“There’s a big conversation happening on trying different practices to reduce the amount of sediment that reaches the water. It’s all about keeping [the nutrients] in place on the field where we can utilize it to have a healthy, productive crop,” says Guilette.
Groundwater issues have been around for decades. The cracks and fissures of the earth move water incredible distances. A problem that occurs in someone’s tap in Kewaunee could have originated somewhere far away. “We’re on very fragile soil. It’s a thin layer of soil with fractured bedrock getting down to the aquifer. It’s very easy for what we do on the surface, whether from a farm field, golf course or a house’s septic tank, to get down into the ground water because there is little filtration that occurs,” says Frame.
Recently, the coalition announced Water Well, a proactive initiative to provide well inspections, bottled water and help covering the cost of water treatment systems to residents with possible well contamination.
Secretary Cathy Stepp, head of Wisconsin’s Department of Natural Resources (DNR), recently thanked the organization for this commitment.
“This is a large proactive step toward providing solutions to the issues facing businesses and citizens in karst areas with shallow soils. It is even more impressive that this offer is available regardless of the source of the e-coli, whether it is from agricultural activities, a septic system or even from the well itself. Peninsula Pride is to be commended for not only the voluntary offer itself, but the spirit of helping neighbors through which it is made. This is local initiative at its best…”
The DNR recently announced that it will begin adopting new rules for manure handling specific to the Karst region via the administrative rule process. Protecting the public’s drinking water in at-risk Karst geo-regions was one of the major objectives of 2015 Door/Kewaunee Legislative Days, a biennial citizen-based lobbying effort that brings significant issues to Madison. According to Rep. Joel Kitchens: “It would have been very difficult to accomplish this through the legislative process. This issue affects a small number of Wisconsin counties, so I have been lobbying for it to be done this way.”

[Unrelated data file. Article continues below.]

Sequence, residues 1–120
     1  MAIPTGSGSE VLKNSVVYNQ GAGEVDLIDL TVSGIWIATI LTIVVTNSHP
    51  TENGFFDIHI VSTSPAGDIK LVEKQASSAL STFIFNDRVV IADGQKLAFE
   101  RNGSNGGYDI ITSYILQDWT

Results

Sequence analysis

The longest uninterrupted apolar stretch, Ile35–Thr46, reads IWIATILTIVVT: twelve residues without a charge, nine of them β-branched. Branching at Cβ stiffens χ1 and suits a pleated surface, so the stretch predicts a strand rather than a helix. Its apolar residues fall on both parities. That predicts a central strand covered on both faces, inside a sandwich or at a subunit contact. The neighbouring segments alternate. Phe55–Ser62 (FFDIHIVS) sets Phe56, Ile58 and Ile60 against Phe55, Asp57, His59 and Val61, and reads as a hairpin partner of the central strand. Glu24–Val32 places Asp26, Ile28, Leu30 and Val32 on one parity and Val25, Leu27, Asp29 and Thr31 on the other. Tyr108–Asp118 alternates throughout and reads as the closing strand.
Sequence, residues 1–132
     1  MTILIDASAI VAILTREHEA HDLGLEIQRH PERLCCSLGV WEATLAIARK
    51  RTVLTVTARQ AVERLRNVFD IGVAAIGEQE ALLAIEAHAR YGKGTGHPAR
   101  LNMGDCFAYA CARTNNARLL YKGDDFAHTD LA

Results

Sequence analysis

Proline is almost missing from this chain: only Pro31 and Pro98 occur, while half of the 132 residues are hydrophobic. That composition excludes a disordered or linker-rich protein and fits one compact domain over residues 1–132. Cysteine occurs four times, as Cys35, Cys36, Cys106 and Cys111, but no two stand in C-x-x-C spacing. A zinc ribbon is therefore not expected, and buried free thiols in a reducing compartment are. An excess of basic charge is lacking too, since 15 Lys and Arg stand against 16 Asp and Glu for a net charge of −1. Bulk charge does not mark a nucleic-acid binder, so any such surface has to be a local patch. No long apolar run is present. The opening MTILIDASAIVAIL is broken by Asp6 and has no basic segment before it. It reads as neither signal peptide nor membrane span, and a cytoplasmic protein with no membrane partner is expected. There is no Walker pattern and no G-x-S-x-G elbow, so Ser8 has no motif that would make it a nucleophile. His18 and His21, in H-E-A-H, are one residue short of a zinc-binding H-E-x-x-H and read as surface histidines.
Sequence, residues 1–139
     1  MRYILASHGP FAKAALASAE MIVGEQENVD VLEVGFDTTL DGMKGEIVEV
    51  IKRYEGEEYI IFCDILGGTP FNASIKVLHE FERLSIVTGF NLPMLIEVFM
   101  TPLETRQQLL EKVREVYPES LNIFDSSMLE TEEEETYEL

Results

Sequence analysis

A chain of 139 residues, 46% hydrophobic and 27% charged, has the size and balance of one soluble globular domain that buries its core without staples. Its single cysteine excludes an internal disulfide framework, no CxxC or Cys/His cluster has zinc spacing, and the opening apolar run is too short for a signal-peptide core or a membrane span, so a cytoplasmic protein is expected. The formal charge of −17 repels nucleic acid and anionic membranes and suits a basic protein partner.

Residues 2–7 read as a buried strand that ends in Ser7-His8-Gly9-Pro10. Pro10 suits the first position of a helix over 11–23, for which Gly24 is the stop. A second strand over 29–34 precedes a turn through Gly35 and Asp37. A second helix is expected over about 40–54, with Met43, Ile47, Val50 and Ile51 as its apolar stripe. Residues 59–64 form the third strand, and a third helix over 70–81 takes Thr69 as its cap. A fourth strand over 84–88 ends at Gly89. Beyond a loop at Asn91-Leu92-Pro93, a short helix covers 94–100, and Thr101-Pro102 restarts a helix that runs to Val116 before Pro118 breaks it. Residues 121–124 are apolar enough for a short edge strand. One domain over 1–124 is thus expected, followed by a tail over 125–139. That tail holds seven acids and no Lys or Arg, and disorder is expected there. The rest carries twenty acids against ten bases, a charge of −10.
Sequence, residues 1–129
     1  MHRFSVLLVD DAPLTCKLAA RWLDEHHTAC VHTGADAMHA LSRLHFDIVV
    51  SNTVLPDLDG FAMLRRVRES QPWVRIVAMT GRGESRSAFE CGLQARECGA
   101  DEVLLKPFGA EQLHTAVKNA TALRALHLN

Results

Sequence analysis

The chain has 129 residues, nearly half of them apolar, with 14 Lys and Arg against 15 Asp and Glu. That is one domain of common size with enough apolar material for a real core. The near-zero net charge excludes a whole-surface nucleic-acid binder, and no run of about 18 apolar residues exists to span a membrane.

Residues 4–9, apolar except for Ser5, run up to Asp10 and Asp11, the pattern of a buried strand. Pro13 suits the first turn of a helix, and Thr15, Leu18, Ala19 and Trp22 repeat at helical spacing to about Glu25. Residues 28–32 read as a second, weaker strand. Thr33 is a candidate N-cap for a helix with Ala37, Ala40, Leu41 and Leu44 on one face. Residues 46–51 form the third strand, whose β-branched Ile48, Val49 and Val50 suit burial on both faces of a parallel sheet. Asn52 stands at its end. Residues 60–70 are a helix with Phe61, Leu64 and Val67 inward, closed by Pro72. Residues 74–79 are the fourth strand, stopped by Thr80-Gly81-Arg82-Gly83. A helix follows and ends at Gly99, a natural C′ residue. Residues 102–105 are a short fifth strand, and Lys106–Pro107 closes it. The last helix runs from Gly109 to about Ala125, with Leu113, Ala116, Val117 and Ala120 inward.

Farming is not just head-down, hard-muscled field work. With advancements in science and technology, farmers have more data to help determine the most effective practices. However, making sense of these opportunities is a challenge, which Peninsula Pride Farms is eagerly taking on.
The organization recently held a field day and invited farmers to learn how to measure the depth of the soil over the bedrock. The thinnest soil is the most sensitive and is common in the Door and Kewaunee Counties. Once a farmer knows where the shallowest sections of their fields are, they can tailor their approach according to the soil’s needs.
“Farmers have a lot invested in this land. It is their heritage. The care for the land and environment has always been there. Most of the farms have been here for a long time. People take huge pride in that,” says Frame. Niles points out many past practices that farmers would never consider today. Over the last few decades, science has proven healthier methods achieve better productivity, which improve life for farmers, land and livestock. “There are so many good things happening in agriculture,” says Guilette. “Collectively, we have a little bit more powerful voice and that message can resonate a little bit better.”
Niles wants to establish an open dialogue between farmers and members of the community. He wants to invite everyone to come see what today’s agriculture world is really like.
“Come out to our farms,” he says. “We try to maintain a pretty transparent organization. We’re willing to talk about what we’re doing to just about anybody who will listen and we’ll listen to whatever thoughts they may have for us.”